Aug 22, 2012 rated it it was amazing
Perhaps the best book of essays I've ever read, and one of the first. The title refers to one essay where the author visits the home of female white southern author Flannery O'Connor, now deceased, and discovers a familial connection. I still remember the peacocks on the property, though I've not read (and reread and reread) this book for years.
Jorie W
Oct 05, 2016 rated it it was amazing  ·  review of another edition
Shelves: favorites
Alice Walker, In Search of Our Mother’s Gardens, Pt. 1
This month hasn’t really been a poetry month; I might even dare to say that this year hasn’t been a poetry year. Even though I love the art of poetry, I have more recently found it difficult to connect, especially when I’m not in the mood (by which I mean, I find it hard to write and read poetry when it feels like more important things are going on in the world and in myself. It distresses me that when I’m feeling too deeply, I seem to lose
May 20, 2016 rated it it was amazing
Shelves: non-fiction
i took my time with these essays and ended up with pages and pages of notes, i'm not even sure where to start. sometimes you read something, and it's either so true or so specific to your interests or some combination of those things that you can't believe it exists and you get to read it-- this was that kind of book for me. i felt so honored to hear about her process in writing "the color purple", to hear her retell "everything that rises must converge" to her mother, and give her the room to w ...more
Cara Byrne
Sep 05, 2013 rated it really liked it  ·  review of another edition
“I fear that many people, including many women, do not know, in fact, what Woman is” (152).

Walker's collection of essays, starting with her first published article from 1967 on the Civil Rights movement to work she wrote in the 1980s about her process as a writer and as a reader of forgotten/overlooked African American's works (including Jean Toomer, Rebecca Jackson, and, of course, her "aunt" Zora Neale Hurston), is a heavy collection that offers a great critical insight into gender, sexuality
Jul 05, 2016 rated it it was amazing
Shelves: phd-stuff
Walker is a lifelong activist of human rights and founder of the concept of womanism. Walker is an internationally celebrated author with seven novels, four collections of short stories, four children’s books and volumes of essays and poetry.

“I come out of a tradition where those things are valued; where you talk about a woman with big legs and big hips and black skin. I come out of a black community where it was all right to have hips and to be heavy. You didn’t feel that people didn’t like yo
Nov 22, 2016 rated it it was amazing
So much mind blowing, beautifully written prose, written and seeded all across various essays, speeches, and recollections. Searching for the meaning of being a black writer during a tumultuous time in the US history. Coming to terms with being a black feminist writer, Recovering the arts and literature by blacks, who prolifically wrote and portrayed authentic views and represented voices of the south. Reclaiming culture and root of the author back in the south where she grew up.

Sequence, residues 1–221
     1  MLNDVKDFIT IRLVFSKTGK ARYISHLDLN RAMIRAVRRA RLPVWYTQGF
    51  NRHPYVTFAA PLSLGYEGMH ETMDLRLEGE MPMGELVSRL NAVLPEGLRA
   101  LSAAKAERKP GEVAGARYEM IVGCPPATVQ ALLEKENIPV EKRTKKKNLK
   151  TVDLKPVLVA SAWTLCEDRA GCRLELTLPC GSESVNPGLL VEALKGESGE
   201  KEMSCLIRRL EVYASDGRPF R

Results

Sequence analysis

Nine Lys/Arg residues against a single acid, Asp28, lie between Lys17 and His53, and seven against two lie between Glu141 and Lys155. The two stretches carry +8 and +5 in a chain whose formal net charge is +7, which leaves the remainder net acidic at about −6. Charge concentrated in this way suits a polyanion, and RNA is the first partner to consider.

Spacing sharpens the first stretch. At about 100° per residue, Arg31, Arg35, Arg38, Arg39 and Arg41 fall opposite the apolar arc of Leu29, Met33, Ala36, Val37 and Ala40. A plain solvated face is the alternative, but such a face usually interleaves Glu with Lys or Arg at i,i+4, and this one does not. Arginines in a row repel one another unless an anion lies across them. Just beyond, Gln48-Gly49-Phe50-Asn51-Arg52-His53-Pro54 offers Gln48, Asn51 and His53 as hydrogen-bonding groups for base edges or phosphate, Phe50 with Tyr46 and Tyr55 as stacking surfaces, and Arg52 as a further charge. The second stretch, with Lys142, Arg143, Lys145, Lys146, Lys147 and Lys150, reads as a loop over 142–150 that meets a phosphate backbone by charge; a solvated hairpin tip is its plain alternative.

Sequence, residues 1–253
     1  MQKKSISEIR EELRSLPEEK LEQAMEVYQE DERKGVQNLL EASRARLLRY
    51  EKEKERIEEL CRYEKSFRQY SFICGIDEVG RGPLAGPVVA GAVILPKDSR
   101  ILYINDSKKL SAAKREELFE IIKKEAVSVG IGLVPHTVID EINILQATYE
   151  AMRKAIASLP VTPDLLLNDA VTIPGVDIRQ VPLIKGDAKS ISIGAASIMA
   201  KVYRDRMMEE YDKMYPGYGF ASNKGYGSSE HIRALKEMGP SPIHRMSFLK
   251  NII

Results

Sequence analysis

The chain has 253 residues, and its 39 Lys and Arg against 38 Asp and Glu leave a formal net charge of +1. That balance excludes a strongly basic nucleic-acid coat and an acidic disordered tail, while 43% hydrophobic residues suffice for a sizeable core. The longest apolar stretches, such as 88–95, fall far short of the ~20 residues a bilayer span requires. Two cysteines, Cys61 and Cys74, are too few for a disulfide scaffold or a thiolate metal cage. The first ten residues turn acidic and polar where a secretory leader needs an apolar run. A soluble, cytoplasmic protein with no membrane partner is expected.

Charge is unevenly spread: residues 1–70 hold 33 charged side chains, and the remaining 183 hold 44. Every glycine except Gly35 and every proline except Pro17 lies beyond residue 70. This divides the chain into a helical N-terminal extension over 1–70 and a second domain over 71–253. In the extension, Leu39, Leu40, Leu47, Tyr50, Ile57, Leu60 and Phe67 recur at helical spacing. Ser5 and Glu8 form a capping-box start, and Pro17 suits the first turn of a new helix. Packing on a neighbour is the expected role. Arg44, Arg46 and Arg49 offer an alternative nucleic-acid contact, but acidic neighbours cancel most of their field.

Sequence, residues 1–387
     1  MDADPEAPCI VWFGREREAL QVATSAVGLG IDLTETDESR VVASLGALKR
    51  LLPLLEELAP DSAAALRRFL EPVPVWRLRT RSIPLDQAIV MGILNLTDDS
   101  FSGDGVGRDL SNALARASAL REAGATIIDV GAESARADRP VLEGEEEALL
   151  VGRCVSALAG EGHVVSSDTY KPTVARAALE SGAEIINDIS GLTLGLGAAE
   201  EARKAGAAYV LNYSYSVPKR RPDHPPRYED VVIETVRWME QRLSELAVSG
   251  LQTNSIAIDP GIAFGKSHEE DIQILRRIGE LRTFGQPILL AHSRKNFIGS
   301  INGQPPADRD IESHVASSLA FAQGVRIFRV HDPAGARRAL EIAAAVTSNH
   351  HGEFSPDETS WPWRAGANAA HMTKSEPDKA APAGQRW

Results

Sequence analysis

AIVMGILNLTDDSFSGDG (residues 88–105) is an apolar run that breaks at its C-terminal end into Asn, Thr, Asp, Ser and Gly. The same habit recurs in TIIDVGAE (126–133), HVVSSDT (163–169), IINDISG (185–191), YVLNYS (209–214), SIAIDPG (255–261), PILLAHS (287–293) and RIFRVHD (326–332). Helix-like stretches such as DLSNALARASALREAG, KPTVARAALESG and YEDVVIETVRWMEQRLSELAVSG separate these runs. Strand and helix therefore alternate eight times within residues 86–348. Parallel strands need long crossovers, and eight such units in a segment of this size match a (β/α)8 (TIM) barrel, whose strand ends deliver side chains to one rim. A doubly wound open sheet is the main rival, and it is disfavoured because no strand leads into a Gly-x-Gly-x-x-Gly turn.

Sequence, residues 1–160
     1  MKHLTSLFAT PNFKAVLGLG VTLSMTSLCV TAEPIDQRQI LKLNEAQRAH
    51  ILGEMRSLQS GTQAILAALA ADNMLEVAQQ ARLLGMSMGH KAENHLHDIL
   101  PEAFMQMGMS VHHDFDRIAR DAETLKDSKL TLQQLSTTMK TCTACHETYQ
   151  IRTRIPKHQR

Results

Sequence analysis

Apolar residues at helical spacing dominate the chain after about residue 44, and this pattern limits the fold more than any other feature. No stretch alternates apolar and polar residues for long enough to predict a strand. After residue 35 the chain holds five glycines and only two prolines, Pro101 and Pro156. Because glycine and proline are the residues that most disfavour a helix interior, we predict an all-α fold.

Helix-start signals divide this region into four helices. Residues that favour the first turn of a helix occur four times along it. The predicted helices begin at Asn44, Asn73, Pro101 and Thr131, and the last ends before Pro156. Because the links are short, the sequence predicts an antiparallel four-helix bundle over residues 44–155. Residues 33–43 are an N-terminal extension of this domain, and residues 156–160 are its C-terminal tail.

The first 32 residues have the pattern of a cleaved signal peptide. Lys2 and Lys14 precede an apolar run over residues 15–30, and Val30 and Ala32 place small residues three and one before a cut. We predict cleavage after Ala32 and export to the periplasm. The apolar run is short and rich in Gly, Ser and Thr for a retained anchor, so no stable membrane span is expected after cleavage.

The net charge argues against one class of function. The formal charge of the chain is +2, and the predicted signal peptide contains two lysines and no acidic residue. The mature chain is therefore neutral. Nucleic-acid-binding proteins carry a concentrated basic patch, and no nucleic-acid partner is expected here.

Spanning coast t
Jan 29, 2010 rated it really liked it
The essays in this collection of prose are heavy with the delicateness of feminine power, revealing the strength of and for black women artists. I am not a black woman, so it is very hard to relate to many of the issues Alice discusses in which her mother, grandmother, sisters, friends, etc. went through. While I am aware of the struggles and hardships of the African-American race, I will never fully understand them. I appreciate Alice's ability to present them as immediate works to the fullest, ...more
Graham Oliver
Sep 15, 2013 rated it really liked it
Shelves: memoirs, essays
Really compelling to see Alice Walker's genius brought to bear on so many different topics: homosexuality, race, feminism, Israel, Cuba, literary criticism, religion, and more.

Definitely a good book and one you should read, but a few minor notes. I wish there had been heavier editing to cut some of the repetition between pieces (or, like a lot of collections, it should be read one piece at a time with breaks between them to forget the less important parts). Some of the first half of the collecti
Oct 24, 2016 rated it really liked it  ·  review of another edition
An essay collection ranging from personal recollections to political one's, from feminism and motherhood to the Civil Rights Movement, Cuba, and Israel.
Alice Walker is an excellent essayist. Her essays are melodious, their topics are -even 30 or 40 years later- still relevant. I learnt a lot about life, feminism, African American culture and literature. Her essay In Search Of Our mother's Gardens should be teached in schools and universities alongside Virginia Woolf. I highly recommend this coll
Jul 14, 2011 rated it it was amazing  ·  review of another edition
Shelves: own-deborah
This collection of essays made me wish that I knew Alice Walker. Her writing is not only inspiring, beautiful, and passionate, but also horizon-widening to those of us who know too little of the Civil Rights Movement, African-American writers, and the experience of being dark-skinned in a society that so highly prizes pale skin. I really respect the thoughtful way that she writes about the world and her personal experiences, tempering passion with the occasional acknowledgment that there may be ...more